shamelessly appropriating nerd culture

Okay, I spoke too soon. I got dressed anyway. I felt up to meeting a friend for dinner, and I decided to look presentable. So you get some pictures.

I’m really not what you would consider a geek or a nerd. Sure, I qualify in the broader sense of showing considerable commitment to certain interests (hello, I love fashion so much I can’t go two days without blogging about it), but I don’t care for science fiction, STEM fields, or much of “nerd culture” as it’s commonly constructed. I don’t like tumblr, anime, or Doctor Who. This is a lot of blather and rigmarole to explain why I don’t really fit into the “skinny jeans and graphic tee” demographic. But one of my New Year’s resolutions (lame as this is about to sound) was to wear pants occasionally. And I think I’ve made this look sufficiently my own, though it’s probably only a matter of time before I’m playing Pokemon and snidely remarking* that I’m “sooo different from other girls”.

squid I

squid II

I’ve realized I basically have Lena Dunham hair. I’m not sure how I feel about that. On the one hand, she’s not exactly the epitome of fashionable. On the other, I watch Girls religiously. I can work with this knowledge, I think.

squid III

The scarf’s pattern reminds me of squid eyes. (Seriously, have you seen squid eyes? You could petrify one and use it as a bowling ball. I really love eyeballs. When I was six, I got a squishy plastic eyeball at Disney world and carried it everywhere until I lost it. And this dress is on my birthday list.)

squid IV

The chunky beads parallel the shirt’s pixelated print.

squid V

squid VI

squid VII

squid VIII

squid IX

I really like the shape of my lips.

squid X

squid XI

squid XII

squid XIII

Jacket: Handed down from neighbor Boots: Handed down from Mom Pants, Necklaces, & Bracelet: Gifted Cardigan & Scarf: Battery Street Jeans T-Shirt: New Duds (a local designer)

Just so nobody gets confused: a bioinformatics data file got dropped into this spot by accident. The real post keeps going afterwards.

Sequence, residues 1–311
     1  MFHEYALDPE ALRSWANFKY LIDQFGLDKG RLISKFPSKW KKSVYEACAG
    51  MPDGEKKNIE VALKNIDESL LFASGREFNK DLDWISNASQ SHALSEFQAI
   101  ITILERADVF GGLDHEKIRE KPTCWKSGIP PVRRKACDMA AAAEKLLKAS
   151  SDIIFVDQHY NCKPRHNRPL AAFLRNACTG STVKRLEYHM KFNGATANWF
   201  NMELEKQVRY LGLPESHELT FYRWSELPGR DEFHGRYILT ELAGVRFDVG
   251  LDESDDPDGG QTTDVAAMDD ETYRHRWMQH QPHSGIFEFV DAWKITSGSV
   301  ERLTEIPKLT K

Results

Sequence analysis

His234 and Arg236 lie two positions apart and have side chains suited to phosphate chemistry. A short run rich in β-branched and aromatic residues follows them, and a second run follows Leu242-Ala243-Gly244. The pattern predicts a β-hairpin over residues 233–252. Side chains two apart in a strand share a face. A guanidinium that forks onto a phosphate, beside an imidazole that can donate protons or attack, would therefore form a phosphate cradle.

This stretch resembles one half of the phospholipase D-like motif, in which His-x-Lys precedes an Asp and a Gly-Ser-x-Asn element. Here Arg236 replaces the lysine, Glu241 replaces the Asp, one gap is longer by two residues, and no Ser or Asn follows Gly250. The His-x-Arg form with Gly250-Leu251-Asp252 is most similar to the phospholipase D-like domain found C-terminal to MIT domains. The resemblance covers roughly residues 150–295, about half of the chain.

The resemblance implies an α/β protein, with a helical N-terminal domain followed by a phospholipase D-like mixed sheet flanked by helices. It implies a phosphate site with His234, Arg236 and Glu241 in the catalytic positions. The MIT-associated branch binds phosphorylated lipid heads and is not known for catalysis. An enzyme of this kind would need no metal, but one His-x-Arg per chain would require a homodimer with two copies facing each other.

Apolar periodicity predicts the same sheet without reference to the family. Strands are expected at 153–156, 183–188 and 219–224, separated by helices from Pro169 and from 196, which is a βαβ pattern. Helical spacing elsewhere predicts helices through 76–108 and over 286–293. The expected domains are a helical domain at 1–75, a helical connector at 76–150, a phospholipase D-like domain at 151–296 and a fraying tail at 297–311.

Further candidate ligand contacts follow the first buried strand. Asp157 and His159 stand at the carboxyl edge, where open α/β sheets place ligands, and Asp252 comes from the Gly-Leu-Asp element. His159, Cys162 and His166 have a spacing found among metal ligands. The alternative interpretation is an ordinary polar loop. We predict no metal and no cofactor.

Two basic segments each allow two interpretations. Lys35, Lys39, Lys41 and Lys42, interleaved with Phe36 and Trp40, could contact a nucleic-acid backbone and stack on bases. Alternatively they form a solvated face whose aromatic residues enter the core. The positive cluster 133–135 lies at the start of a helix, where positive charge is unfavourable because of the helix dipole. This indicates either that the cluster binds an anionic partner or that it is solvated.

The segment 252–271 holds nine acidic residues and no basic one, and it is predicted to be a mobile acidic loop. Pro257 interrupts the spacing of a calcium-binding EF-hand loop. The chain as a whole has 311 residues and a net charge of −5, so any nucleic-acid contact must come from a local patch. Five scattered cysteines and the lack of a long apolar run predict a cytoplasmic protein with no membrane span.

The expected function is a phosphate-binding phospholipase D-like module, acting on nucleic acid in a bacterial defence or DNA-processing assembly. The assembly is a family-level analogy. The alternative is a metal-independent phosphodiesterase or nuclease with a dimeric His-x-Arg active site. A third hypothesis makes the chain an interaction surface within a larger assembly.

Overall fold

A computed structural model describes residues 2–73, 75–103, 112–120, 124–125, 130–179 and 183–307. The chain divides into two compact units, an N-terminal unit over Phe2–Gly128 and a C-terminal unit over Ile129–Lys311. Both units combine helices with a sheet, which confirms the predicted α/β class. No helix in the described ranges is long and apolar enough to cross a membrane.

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*I hardly think any woman is obligated to be like any other woman. Pursuit of individual ends is awesome. It informs my kind of feminism more than anything else. That said, the “I’m not like other girls!” shtick is my least favorite part of nerd culture. It reduces these mythical “other girls” to a 1950s strawman(woman?). It’s not like you’re the only girl in the world not wearing makeup and pining for boys all day. Real people are more complex than that. Enjoying video games doesn’t make you the specialest snowflake ever to walk the planet.

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This is one of my favorite videos from one of my favorite YouTube channels. It always reminds me of my friend Hailey, who is vintage through and through. I’ve been wheedling her to do a guest post.

3 Comments Add yours

  1. Tanja says:

    nice pants! šŸ™‚

  2. Emily says:

    I don’t understand the urge to dissociate yourself from some perceived conventional notion of femininity in order to value yourself as a woman. Being “not like other girls” just encourages hierarchies and comparisons. I don’t think that very typically feminine girls often speak negatively about girls who are into video games or Dr. who or other nerdy things. It all just reifies feminism/individualism.

    1. skye says:

      My favorite definition of feminism is “valuing femininity equal to masculinity”. I don’t care how progressive you think you are – you’re not a feminist in my book if you look snidely upon feminine things while encouraging all women to be masculine. I can count the things I know about Madonna on one hand, but I love that bit from her song: “It’s OK to be a boy / But for a boy to look like a girl is degrading / ‘Cause you think that being a girl is degrading.”

      Life needn’t be a choice between beauty and brains. God forbid you be a whole person.

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